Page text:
Friday, January 25, 2013


In March restrictions on sugary soft drinks instituted by Mayor Bloomberg in partnership with the New York City Department of Health, will take effect in New York City. The restriction limits businesses who earn more than 50 percent of their revenue from selling sugary drinks larger than 16 ounces. According to the city, about 70 percent of black New Yorkers and 66 percent of Hispanic New Yorkers are obese or overweight, compared with 52 percent of white non-Hispanic residents, based on a 2011 survey. The problem is often worse in low-income communities.The first time I heard this idea I thought that it was an unusually bold move. An idea so obvious in its simplicity that I had to wonder why this epiphany is one that had never been conceived before.
But believe it or not there are organizations who are against these restrictions. One of which has always proclaimed its main purpose to be the advancement of "colored" people, the NAACP. The New York chapter of the NAACP, (The National Association For The Advancement of Colored People) has joined the Hispanic Federation in a lawsuit designed to stop the restrictions despite the fact that the African-American community has been disproportionately affected by health risks brought on in part by the excessive consumption of soft drinks. I must admit that this decision perplexed me until I dug a little deeper, and discovered the hidden motive for the NAACP, and the Hispanic Federations support. The NAACP and the Hispanic Federation have in fact been taking thousands of dollars in contributions from both Coke and Pepsi, and the former president of the Hispanic Federation, Lillian Rodriguez Lopez, now works for Coca Cola in an executive capacity. The motive behind this lawsuit is all too clear.

In both 2011 and 2012, the Coca-Cola Foundation awarded the NAACP $100,000 for Project H.E.L.P. (Healthy Eating, Lifestyle Change and Physical Activity).
In 2011, the Coca-Cola Foundation granted $35,000 to the NAACP New York State Conference for their education initiatives.
Coca-Cola and Pepsico were sponsors of the 2011 NAACP New York State Conference 75th Annual Convention.
Pepsi was recognized with an NAACP Award in 2010.
PepsiCo's website says it is working with the NAACP to advance national leadership and grassroots activism.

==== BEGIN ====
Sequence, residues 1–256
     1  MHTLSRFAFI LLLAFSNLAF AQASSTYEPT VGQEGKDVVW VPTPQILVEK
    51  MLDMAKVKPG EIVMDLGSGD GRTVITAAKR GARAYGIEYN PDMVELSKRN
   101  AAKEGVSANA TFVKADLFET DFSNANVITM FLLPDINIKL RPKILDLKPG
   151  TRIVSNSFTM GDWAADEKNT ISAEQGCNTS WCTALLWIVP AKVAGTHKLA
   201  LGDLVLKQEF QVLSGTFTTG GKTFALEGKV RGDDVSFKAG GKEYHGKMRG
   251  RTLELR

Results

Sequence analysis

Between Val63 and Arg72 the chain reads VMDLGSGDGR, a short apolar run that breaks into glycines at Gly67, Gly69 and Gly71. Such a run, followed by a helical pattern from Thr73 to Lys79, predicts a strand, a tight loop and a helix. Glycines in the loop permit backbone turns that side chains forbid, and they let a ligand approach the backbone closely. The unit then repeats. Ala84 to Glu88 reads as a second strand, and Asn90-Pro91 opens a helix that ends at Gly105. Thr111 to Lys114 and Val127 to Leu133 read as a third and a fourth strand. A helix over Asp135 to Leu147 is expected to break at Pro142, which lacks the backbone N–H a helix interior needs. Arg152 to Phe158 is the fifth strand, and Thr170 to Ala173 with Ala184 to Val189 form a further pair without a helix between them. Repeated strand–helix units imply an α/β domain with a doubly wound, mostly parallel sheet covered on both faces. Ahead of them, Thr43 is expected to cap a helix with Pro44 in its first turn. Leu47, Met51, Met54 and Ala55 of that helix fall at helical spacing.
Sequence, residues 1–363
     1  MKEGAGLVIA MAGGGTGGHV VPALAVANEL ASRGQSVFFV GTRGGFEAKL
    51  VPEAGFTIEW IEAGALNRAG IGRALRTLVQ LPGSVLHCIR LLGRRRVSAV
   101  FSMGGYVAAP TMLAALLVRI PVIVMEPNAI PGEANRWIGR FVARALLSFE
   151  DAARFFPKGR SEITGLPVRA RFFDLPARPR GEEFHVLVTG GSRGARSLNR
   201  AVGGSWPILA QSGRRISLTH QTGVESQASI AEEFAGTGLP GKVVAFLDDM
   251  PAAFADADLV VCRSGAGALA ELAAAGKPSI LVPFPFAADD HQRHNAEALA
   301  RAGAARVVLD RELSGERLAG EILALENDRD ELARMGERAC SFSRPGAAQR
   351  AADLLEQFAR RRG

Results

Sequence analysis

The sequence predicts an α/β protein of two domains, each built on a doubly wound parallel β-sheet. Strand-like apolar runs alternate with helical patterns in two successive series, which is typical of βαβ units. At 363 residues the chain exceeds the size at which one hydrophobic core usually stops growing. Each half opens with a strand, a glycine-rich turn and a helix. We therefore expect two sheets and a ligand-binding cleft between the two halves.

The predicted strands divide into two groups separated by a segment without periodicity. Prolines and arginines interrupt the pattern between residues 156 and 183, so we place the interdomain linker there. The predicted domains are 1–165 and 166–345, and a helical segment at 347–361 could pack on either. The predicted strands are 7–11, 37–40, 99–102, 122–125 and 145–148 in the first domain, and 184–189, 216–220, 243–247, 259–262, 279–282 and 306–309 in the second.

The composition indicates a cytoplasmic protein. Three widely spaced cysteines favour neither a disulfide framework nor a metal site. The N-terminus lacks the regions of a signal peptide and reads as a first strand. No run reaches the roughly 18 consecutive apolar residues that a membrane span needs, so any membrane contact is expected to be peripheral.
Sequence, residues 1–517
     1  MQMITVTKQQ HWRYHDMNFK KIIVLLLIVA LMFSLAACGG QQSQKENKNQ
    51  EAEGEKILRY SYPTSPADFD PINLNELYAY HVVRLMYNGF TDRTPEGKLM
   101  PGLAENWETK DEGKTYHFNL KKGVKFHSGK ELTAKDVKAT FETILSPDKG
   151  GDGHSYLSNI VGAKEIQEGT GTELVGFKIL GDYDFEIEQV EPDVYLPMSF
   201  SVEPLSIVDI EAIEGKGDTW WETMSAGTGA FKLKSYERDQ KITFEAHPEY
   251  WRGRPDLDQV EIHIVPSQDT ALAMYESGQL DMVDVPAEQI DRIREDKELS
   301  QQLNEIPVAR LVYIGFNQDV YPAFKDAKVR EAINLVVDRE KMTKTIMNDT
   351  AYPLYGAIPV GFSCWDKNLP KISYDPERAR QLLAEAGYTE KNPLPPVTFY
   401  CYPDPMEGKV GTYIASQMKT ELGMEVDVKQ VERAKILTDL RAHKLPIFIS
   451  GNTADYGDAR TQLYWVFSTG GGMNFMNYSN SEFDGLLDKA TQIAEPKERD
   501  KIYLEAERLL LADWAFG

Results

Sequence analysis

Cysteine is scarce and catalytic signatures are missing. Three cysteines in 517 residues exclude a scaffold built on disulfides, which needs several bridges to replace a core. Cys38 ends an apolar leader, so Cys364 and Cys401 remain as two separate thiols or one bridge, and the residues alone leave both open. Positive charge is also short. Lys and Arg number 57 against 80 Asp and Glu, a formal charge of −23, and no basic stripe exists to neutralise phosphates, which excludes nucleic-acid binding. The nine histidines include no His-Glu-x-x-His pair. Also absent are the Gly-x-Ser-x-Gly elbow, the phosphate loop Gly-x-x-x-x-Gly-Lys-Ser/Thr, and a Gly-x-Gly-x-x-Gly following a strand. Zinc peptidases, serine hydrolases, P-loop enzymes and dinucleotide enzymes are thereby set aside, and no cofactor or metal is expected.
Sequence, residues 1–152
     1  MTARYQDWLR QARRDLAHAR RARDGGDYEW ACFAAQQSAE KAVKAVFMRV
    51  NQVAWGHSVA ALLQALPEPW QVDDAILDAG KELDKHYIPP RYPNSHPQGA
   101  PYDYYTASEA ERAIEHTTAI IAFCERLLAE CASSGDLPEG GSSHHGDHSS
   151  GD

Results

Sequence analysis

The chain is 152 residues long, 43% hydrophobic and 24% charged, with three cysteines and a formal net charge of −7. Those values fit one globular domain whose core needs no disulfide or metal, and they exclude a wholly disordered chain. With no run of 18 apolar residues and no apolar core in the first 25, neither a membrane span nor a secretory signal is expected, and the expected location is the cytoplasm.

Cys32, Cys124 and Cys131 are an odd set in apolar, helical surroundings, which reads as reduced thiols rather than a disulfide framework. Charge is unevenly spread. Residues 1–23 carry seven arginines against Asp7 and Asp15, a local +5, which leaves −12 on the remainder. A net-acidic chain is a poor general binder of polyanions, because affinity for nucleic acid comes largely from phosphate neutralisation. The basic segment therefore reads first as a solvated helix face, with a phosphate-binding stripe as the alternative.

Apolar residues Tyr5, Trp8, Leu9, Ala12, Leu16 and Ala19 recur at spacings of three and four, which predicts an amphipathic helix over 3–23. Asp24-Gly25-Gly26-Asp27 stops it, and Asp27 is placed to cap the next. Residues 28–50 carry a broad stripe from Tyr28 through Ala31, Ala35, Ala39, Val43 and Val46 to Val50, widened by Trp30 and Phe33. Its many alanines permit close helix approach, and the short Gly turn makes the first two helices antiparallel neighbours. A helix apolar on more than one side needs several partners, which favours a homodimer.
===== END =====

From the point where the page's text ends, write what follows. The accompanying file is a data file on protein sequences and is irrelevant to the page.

The NAACP received a Pepsi corporate contribution for "education and inclusion in 2010.
Similar "contributions" were made to the Hispanic Federation.
The Coca-Cola Company is listed as a funder on the Hispanic Federation website.
Coca-Cola and the Hispanic Federation teamed up in 2011 in NYC to "fight hunger."
In 2011 Coca-Cola joined with the Hispanic Federation to sponsor an event to get the Bronx "up and moving."
In 2012, Hispanic Foundation President Lillian Rodriguez Lopez left to assume a new position with the Coca-Cola Company.
Coca-Cola was a sponsor of a two-day 2012 economic opportunity event in New York City hosted by the New York State Senate and the Hispanic Federation, the second annual Undid Latina.
This is blatant case of corporate cronyism fueled by money. Maybe the NAACP is only concerned with the advancement of "colored people", and not the progress of African-American's. It is entirely possible that the organization still follows an antiquated idea of what it perceives to be advancement, instead of an all encompassing ideal. The concept's of advancement and progress as it relates to African-American's has gone far beyond having the right to eat at a lunch counter, or vote in elections. Therefore, activism in the Black community can no longer be one dimensional. Today's obstacles are more subtle and multi-layered, and they include certain health issues that have plagued the Black community for decades. In order to advance or progress, we must live. Existing is just not enough. But none of this really matters if one of the premiere civil rights organization's sells out, bows down to corporate greed, and has proven that its support is for sale at the expense of the very people whose causes they claim to champion. The Hispanic Federation, whose mission is "to empower and advance the Hispanic community," has a twisted idea of advocacy, and does not understand that good health advancement and empowerment both go hand in hand.
Hazel N. Dukes, president of the NYC chapter of the NAACP says,
"It is wrong to assume, as this proposal seemingly does, that given the proper education and tools, people are incapable of making these decisions for themselves. I strongly object to the imposition on personal freedom suggested by this ban.
The proposal is arbitrary in the types of businesses that it impacts, corner bodegas, movie theaters and restaurants will be prohibited from selling these beverages while grocery and convenience stores will not.
And for all of those reasons, it risks disproportionately impacting the people who can least afford it. People who frequent corner markets and not gourmet stores. Given the many significant issues faced by our community, the time and resources of this great city can be put to much better use than by offering up a misdirected solution to the growing problem of obesity."
This is pure and utter nonsense. I am far more concerned with the health and well being of our community than I am about small business owner's. The NAACP's priority should be the people first and foremost, but unfortunately they seem to have lost there way, and their since of consciousness in the process.


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